Who do you love, and what are you doing about it?

I’d like to pause for a second and revisit the first time I read the article that inspired this blog. Clearly, I was impressed enough by the list that I was inspired to dedicate a year of my life to writing about it, but there were a few points that niggled me. The main frustration I have with the list is that many of the questions seem very intentionally phrased. It’s as though the writer is trying to coerce a certain response from the answer – in many cases, a response of self-depreciation, admissions of failure, laziness, and emotional subsistence living.

This question is one of those. I imagine many people answering this question will confess to unrequited, silent love, or a string of failings in their current long-term relationship. How I need to try harder, and cook proper meals, and make more of an effort with my outfits. Etc.

My answer is not going to follow this pattern. Not that I think i’m doing everything right; we all have things that we can improve. However, I don’t think any relationship is ever improved by people beating themselves up. There is nothing I enjoy less than my poor husband (God love him) listing all the ways in which he thinks he’s a failure. I dislike this for two reasons. Number one: If you were really that dysfunctional I wouldn’t have married you. Number two: I now have to spend equal or greater time telling you how you’re none of those things, and in fact are the exact opposite in every way. This is exhausting to me.

Additionally, I don’t have a secret unrequited passion, and if I did I would be highly unlikely to expose it on the internet. Even if I wasn’t married.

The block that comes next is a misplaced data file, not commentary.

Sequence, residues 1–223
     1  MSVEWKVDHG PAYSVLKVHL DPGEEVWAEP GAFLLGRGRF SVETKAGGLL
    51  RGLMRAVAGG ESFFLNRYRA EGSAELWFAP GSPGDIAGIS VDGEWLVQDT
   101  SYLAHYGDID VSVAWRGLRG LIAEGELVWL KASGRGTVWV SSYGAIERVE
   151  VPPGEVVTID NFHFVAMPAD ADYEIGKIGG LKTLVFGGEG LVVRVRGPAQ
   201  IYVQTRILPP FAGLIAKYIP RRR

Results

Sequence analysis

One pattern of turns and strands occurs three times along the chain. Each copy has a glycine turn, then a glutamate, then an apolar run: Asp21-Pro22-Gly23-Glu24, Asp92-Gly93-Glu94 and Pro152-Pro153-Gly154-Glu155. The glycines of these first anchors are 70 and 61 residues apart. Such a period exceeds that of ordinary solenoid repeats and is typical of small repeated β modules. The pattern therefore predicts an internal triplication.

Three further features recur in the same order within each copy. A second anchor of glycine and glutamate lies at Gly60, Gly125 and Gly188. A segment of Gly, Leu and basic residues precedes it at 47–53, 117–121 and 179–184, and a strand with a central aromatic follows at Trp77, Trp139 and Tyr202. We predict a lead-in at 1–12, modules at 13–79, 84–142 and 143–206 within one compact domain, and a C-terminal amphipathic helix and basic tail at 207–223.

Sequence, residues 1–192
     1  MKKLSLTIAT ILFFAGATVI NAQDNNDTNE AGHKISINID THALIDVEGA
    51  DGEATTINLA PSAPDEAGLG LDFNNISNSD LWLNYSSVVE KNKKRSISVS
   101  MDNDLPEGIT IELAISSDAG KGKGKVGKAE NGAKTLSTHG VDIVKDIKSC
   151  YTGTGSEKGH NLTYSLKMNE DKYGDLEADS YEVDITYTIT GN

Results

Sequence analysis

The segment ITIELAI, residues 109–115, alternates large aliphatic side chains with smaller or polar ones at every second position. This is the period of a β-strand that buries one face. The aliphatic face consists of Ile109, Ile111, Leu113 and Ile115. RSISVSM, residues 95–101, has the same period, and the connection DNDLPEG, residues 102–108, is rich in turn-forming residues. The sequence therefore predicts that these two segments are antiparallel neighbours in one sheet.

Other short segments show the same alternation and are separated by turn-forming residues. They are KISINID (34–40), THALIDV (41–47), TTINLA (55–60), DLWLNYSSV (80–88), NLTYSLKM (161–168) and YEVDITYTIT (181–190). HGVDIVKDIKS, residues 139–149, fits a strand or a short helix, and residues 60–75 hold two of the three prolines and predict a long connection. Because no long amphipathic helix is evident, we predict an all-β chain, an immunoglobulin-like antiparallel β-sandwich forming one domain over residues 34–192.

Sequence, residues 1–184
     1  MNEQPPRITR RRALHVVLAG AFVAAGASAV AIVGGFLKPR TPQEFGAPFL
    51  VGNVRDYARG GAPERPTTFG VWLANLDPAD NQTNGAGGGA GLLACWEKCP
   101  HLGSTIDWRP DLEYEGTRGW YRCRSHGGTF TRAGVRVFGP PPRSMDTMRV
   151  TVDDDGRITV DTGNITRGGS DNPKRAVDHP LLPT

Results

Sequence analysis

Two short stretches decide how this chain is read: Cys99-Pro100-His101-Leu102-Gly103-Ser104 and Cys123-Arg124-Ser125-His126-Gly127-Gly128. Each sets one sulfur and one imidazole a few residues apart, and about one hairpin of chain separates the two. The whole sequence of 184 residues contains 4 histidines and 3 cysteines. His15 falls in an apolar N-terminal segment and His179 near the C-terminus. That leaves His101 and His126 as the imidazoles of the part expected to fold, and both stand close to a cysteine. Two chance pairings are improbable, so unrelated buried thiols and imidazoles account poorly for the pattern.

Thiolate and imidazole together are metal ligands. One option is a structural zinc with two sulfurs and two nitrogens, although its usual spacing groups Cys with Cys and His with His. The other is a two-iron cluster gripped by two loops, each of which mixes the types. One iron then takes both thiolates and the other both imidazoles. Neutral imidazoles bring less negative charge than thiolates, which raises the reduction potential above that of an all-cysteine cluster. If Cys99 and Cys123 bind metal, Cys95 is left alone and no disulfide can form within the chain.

My husband is the “person I love”, in as much as he would inherit my life insurance money if I died, and that we have a mortgage together. This differentiates him from all of the other people I love, like my friends, family, co-workers, pets, celebrities, fictional characters. Etc. I have a big heart, capable of a LOT of love. But clearly, the fact I married this person when I was a (ridiculously young) twenty three years old is a testament to the fact that I love him. And that’s before you consider that I had to move 3000 miles from home and start my career and social life from scratch.

I’m not complaining. Okay, maybe I’m complaining a little bit. Marriage gives back for the most part, it’s a pretty uncomplaining and easy to life most of the time. But it can also be the single hardest thing in the world. Sometimes. There are those days that I don’t want to go home and play with the dog, do laundry, mop floors, or talk to his friends. There are those days when everything seems like too much.

Yes, it’s a taboo to talk about it, especially as hubs and I really do have a great marriage most of the time. But being married can be hard, especially when most marriages include so many more people than husband and wife. It’s a process, and there have been weeks, even months at a time, when I have had to work hard at just being here every waking minute. That’s not to say I didn’t want to be here, or wasn’t happy, it was just that every thing I did was so foreign to me. Now we’ve been married for close to four years, those moments are fewer and more far between.

But some mornings I wake up, head full of fog, and it seems as though I’m probably the worst wife in the world. The bathroom needs cleaning, my work clothes are creased, the dog keeps whining, and there is nothing edible in the fridge for breakfast. Hubs will get up, equally frustrated, and it’s easy to feel at fault, that he is judging my abilities. Sometimes, as I’m sure a lot of married minds might wonder, it seems as though it would be easier to leave than to stay; I say this not because I’m unhappy, but because this constant pressure to perform in insanely overwhelming.

But when those days come around now, I approach them with a clearer head, knowing that there is nothing I can do except wait them out. I’ve started to realise that part of being married is enduring these days of self doubt, pain, and crippling self-consciousness. But it’s worth it for the good days (which most of them are), and because I love my husband, and this is what I have to do for it.

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